It still isn’t true for you until your own soul assents. You cannot delegate your conscience. Of course as a practical matter, people do, all the time, but Jesus wasn’t speaking for, or to, the unawakened; he was setting his disciples a higher standard that they could live to, if they remained aware and were willing to adhere to. It wasn’t an easier way – “My yoke is easy” wasn’t referring to this day-by-day maintenance of a state of awakeness, of remaining in connection – but it could be done, and was the proper way to proceed.

So now consider the next saying in this context.

Saying 103. Jesus said: Blessed is one who know where (or when) bandits are going to attack, so that he can prepare, assemble his forces, and arm himself before the bandits enter.

That sounds like another call to continued vigilance.

Very good. And not exactly against others, yet not exactly against only impersonal forces such as sleep.

No, I get that. If we exist among forces of all types, of all values and agendas, it is well that we realize that we may be attacked in various ways, from various sides, by various points of view, call them.

Yet not fall into paranoia or fear or dualism, any of which will at one time or another seem to be the only reasonable response.

Difficult chalk-line to walk.

It can be. That’s why blind faith is a better guide than blind obedience, for one thing. Proceed.

Saying 104. They said to Jesus: Come, let’s pray today; let’s fast. Jesus responded: What sin have I committed? How have I been overcome? Rather, when the groom leaves the bridal suite, then they should fast and pray.

I could read this as saying, “All these practices are good when appropriate but not when not appropriate. Don’t be so literal.”

You can imagine how well this will go over with literalists.

Yes. Instead of a settled routine of duties and rituals, one lives in an uncharted field of possibilities among which one chooses by a process invisible perhaps to others.

Not everybody would come to that conclusion, but it is perfectly acceptable in context. Don’t rely upon authority without considering circumstances; don’t substitute your own whim or sloth for what is appropriate. Jesus was not legislating for society, for in practice, society has to have rules, often quite inflexible ones, in order to function – to maintain its dynamic stability, in effect. He was – need we say it yet again? – showing the way toward life more abundant, and that way can only be seized one person at a time, although social and religious arrangements can aid or hinder in what they allow or enjoin.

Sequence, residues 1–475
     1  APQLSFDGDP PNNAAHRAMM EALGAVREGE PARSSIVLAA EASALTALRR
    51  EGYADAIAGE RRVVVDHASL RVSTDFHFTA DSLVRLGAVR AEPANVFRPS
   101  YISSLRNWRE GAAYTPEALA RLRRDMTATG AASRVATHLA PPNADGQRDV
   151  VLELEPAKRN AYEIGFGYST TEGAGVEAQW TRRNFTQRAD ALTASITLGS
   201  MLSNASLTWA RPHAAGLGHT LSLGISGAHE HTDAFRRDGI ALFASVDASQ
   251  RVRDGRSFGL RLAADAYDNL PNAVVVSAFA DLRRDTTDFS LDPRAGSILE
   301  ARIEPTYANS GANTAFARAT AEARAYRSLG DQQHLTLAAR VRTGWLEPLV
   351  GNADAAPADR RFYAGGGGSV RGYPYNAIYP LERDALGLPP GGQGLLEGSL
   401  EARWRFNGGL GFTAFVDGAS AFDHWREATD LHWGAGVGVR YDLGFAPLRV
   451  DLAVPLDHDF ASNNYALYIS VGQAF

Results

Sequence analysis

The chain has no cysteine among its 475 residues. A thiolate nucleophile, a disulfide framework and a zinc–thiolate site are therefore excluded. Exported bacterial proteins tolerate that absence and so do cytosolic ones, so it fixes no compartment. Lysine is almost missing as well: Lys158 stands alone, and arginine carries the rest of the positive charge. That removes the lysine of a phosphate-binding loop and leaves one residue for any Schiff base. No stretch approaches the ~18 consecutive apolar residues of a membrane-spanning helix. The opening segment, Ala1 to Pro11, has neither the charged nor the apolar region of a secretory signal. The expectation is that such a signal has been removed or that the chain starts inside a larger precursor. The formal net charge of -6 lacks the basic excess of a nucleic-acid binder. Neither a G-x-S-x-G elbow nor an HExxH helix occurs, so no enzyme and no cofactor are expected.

So 105 says, expect to be maligned by those who don’t understand?

Saying 105. Jesus said: One who knows his father and his mother will be called the son of a whore.

More by those who uphold a certain idea of things and are unable to see the reality behind appearance, and the strict morality behind the lack of a conventional moral code.

Shall we proceed to 106?

It would be better to come to that one fresh, lest you be tempted to skimp.

Okay. Our thanks for all this, as always.


2 thoughts on “Thomas, sayings 100 through 105

  1. We’ve come so far! And it’s been so profound, even, or especially to a person raised Catholic, who left the faith at 13, studied many other faiths, and has gradually allowed her own understanding to have primacy–in blind trust.
    The study of these sayings has moved me through some huge, life-long obstacles to my own understanding and I’m grateful.
    Glad to have arrived at the place to be called “the son of a whore”!

    1. What you are saying is my experience, also. Life-long resistance to certain elements in christian religion being overcome and re-framed through this. Though I am a Lutheran by upbringing.